Trout Tradition

“The only thing better than catching fish is putting someone on fish, who doesn’t fish much.” Luke Whitcomb (12)

Opening Day of Trout has always been a really big deal in Pennsylvania. Scores of anglers that have been maintaining their sanity over the brutal winters by punching holes in ice and huddling in a shanty are now free to cast for the millions of rainbow, brown, and brook trout the state loads into streams throughout the state. But because much of the state’s streams are just a “put-and-take” fishery, after April 18th, the majority of these hatchery fish will be toted off, destined for melted butter.

To help increase the opportunities for young anglers, the state has started “Mentored Youth Trout Days” which allow kids to get an early jump on the season. The previous two years, the program was held at a handful of select locations, throughout the state. However this year, an adult angler possessing a PA fishing license and a trout stamp, could take youths fishing in any stocked waters, as long as it wasn’t a special regulation area.

So we did. And so did a bunch of others. On April 11, a full week before Opening Day of Trout, it was great to see so many smiling kids out fishing with mentors. And starting, perhaps, a new trout tradition.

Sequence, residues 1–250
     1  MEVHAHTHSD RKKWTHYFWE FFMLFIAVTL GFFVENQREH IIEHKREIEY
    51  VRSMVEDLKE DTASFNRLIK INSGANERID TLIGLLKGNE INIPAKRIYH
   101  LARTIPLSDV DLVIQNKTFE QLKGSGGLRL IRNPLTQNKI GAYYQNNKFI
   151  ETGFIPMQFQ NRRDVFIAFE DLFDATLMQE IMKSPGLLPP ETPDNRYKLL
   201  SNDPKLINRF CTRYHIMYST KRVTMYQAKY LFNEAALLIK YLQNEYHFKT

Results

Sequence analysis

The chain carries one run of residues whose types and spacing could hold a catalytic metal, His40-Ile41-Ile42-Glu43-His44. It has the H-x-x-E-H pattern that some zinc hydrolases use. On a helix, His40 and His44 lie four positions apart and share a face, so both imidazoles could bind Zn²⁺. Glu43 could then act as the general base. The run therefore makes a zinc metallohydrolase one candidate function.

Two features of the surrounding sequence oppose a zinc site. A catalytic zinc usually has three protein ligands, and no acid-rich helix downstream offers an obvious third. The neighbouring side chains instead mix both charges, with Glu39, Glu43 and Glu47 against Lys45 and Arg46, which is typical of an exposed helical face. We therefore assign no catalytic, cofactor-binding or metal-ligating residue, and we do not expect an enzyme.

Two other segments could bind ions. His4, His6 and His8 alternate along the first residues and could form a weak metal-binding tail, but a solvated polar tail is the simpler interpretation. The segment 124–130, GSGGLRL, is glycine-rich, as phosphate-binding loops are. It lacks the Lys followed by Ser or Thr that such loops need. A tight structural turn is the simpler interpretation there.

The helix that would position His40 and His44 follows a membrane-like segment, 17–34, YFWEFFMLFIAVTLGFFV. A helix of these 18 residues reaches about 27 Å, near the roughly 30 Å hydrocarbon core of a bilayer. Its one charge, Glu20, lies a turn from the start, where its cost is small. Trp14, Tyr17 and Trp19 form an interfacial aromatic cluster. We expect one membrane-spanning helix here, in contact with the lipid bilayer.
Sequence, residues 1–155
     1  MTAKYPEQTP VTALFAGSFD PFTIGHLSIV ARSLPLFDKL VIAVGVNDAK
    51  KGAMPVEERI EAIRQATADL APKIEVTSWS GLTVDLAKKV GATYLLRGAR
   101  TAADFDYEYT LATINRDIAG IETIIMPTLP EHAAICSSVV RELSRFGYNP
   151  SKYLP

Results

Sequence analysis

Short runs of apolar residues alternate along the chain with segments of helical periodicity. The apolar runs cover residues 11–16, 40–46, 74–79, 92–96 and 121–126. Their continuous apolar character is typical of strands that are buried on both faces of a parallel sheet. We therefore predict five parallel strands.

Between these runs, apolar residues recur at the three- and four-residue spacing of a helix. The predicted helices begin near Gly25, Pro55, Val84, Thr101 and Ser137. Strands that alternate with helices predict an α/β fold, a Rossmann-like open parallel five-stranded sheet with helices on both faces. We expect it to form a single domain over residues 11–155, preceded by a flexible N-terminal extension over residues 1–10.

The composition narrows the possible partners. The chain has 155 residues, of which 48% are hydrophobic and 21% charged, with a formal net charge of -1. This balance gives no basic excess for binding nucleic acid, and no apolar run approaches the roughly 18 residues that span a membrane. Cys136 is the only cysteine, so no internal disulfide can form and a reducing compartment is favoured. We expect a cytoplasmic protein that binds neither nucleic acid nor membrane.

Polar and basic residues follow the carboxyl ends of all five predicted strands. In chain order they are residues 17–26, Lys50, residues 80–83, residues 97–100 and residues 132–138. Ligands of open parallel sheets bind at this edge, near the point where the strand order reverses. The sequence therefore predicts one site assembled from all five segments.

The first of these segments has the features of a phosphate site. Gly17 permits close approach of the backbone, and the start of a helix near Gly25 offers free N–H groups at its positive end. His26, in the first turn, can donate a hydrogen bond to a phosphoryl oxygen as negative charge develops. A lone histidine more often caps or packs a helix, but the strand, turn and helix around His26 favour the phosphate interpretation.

My daughter had never caught a trout so we thought this might be a great time. The morning didn’t start off well as she awakened with an upset stomach but she soon recovered and was still up for our outing. Her older brother caught the first fish, then politely stepped aside and spent much of the rest of his time netting her fish and showing her how to handle them. It was chilly enough that when she said she was cold, and her brother had already filled one boot with brisk stream trout water, we hopped back in the warm truck and called it a day.

When taking kids, remember the old saying: “always leave them wanting more.”

And she does.

Spread the word about the Mentored Youth Trout Day so we could have the tradition passed on to other states. If you don’t yet have your fishing license, visit our states page to be redirected to your state DNR’s page.

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Andy Whitcomb

Andy Whitcomb

Andy is an outdoor writer ( and stressed-out Dad has contributed over 380 blogs to since 2011. Born in Florida, but raised on banks of Oklahoma farm ponds, he now chases pike, smallmouth bass, and steelhead in Pennsylvania. After earning a B.S. in Zoology from OSU, he worked in fish hatcheries and as a fisheries research technician at OSU, Iowa State, and Michigan State.